As the water from the creek comes rushing in to meet me, I am swept away and brought back to the memories of my youth. I flash back to early-morning Sunday hikes on the winding trails, the burning sensation in my nose from the cold, the chirping of birds echoing through my mind, and genuinely enjoying the feeling of the earth at my feet. And now here I stand at the edge of a creek where all I can hear is the rushing of water on a chilly November evening. Signs of anthropogenic activity are evident now, two picnic tables are within sight, a brand new bridge that goes rises right over the creek was constructed only a couple years ago. Nearly all the trees are without leaves, and the sound of speeding cars from nearby route 202 floods my ears, but I try to focus on the water and its calming sensation. It flows aggressively on one stretch and calms as it flows downstream. I see a squirrel travel up the trunk of a tree to my left, pausing for a moment, and then continuing to explore. There is something beautiful in the way that the natural world interacts with the organisms present in it. It induced a greater sense of belonging in me and left me feeling grateful for the place I lived in. (style: Leopold)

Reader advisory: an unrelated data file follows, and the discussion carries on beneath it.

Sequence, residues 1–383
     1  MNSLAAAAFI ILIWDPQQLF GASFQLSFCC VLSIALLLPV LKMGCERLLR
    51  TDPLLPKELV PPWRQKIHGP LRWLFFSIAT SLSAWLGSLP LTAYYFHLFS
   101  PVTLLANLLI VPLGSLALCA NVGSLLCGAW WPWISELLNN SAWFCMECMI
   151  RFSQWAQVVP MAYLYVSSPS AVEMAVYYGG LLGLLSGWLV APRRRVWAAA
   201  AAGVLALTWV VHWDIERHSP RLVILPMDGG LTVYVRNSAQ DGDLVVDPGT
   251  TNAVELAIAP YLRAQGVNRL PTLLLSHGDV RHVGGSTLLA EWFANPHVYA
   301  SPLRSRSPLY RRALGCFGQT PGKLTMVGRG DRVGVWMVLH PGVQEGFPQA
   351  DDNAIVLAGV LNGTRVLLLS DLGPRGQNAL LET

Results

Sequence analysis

Although in two very different locations, the sites are very similar (and different) in a variety of ways. Instead of hearing the frequent sound of bird calls in Centennial Woods, the sound of rushing cars along route 202 seem to be more evident in my site at home. The presence of squirrels scavenging for food is evident in both sites, but there seems to be, generally, more presence of wildlife in Centennial woods. Anthropogenic factors could be a reason for this. Kakiat Park is for the public, a very popular area for people to walk their dogs, hike, have group or family gatherings, or to fish. It’s a versatile and well-respected area. But because of an increase in popularity over the years, more picnic tables and a brand new bridge was constructed for the park. And while this increase in popularity is a positive thing, the introduction of these anthropogenic features may affect the ecology of the place when the features were put in place. Both sites change through the seasons in very similar ways. In many ways, Kakiat Park reminds me of Centennial Woods. Growing up right next to the park, I had access to the trails and creek daily. The creek actually flows behind my house and trails are within walking distance. So even in my younger years I was able to observe the phenology of Kakiat Trail, and see how it changed throughout different seasons. Both sites have already lost the leaves on the trees. It seems that there is a larger amount of leaves and excess twigs on the ground in centennial woods compared to Kakiat Park. It also seems that Kakiat Park is a much more open area and some of the trails are generally more cleared, as compared to Centennial Woods where there is much more leaves on the ground and the feeling of wet or loose soils beneath your feet. (style: Holland).